CUSTOM BOOKS CATALOG
Tiny Earth – A Research Guide to Studentsourcing Antibiotic Discovery
(Print + e-Book access)
Author: Jo Handelsman, et. al.
Paperback: 203 pages
Price: $19.64 suggested retail
Availability: in stock/ready to ship
Place bookstore and other bulk orders using our online order form.
Contact us for more information or to request a desk copy.
About the Book
Tiny Earth is a network of instructors and students focused on crowd-sourcing antibiotic discovery from soil.
The challenges are huge…
Today we are fighting a shortage of effective antibiotics as “superbugs” evolve resistance to our most-used antibiotics. Simultaneously, we face a shortage of science trainees as unengaging introductory science courses fail to retain some of the best and brightest students in STEM fields.
But the solutions start tiny.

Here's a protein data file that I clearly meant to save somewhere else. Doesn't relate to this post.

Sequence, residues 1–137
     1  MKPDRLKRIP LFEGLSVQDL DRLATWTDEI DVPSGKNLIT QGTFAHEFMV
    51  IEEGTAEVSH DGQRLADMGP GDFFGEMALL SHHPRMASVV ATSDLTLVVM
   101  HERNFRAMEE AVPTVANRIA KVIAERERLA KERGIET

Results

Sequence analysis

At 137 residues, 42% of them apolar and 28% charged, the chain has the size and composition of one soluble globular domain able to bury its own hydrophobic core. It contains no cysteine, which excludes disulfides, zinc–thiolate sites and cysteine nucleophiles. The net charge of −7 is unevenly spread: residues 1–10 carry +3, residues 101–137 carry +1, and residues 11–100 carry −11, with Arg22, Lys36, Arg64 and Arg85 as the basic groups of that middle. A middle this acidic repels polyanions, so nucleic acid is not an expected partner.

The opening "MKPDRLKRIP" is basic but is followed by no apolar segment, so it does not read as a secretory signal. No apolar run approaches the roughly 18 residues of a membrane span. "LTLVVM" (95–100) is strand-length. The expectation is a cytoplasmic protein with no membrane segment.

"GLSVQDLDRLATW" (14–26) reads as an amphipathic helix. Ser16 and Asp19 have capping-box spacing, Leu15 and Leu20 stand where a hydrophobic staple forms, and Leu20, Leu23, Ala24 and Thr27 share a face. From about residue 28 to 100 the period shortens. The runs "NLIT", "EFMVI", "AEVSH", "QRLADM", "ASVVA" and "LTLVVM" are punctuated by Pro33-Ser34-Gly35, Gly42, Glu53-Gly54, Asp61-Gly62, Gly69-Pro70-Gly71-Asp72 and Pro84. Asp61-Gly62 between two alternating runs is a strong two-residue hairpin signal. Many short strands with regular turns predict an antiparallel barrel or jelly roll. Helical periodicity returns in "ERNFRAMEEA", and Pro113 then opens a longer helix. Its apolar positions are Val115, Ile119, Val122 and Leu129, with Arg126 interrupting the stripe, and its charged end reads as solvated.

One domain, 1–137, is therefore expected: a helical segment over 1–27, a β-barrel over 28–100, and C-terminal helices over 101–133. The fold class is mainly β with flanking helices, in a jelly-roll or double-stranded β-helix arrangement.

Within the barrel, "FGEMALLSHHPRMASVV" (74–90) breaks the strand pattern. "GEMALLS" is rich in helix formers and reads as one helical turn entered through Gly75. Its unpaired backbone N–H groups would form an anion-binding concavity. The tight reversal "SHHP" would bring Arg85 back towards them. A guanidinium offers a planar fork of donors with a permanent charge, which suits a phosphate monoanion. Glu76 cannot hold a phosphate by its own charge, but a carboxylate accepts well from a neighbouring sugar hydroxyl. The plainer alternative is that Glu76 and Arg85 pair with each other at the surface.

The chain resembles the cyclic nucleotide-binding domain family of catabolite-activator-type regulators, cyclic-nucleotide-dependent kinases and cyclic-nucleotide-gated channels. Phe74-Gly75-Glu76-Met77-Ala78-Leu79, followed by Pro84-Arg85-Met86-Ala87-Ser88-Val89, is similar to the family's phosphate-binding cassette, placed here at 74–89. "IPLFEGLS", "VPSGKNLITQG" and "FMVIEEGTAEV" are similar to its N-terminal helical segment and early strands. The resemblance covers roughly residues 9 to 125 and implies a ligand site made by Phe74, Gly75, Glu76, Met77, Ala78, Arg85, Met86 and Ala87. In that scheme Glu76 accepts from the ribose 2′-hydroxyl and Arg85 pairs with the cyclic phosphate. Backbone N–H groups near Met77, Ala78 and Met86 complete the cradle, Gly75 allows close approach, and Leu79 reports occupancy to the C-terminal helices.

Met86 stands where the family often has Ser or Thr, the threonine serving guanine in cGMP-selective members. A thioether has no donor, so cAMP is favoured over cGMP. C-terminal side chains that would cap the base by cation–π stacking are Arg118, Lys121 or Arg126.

Unearthing new antibiotic-producing microbes from the soil can address a worldwide health threat while inspiring students to pursue careers in science. Tiny Earth brings the potential for global impact through original laboratory and field research conducted in introductory courses.
Tiny Earth is a network of instructors and students focused on crowdsourcing antibiotic discovery from soil. The mission of the program is two-fold:
First, it seeks to inspire students to pursue careers in science through original laboratory and field research conducted in introductory courses with the potential for global impact.
Second, it aims to address a worldwide health threat—the diminishing supply of effective antibiotics—by tapping into the collective power of many student researchers concurrently tackling the same challenge, living up to its motto “studentsourcing antibiotic discovery.”
About the Authors
Tiny Earth as we know it was launched in June of 2018, but it truly began six years earlier when Jo Handelsman founded a course—then called “Microbes to Molecules”—at Yale University with the goal of addressing both the antibiotic crisis and the shortage of science trainees. In short order, the course grew and became a part of a larger initiative until Handelsman returned to the University of Wisconsin-Madison and launched Tiny Earth in collaboration with its hundreds of partners worldwide.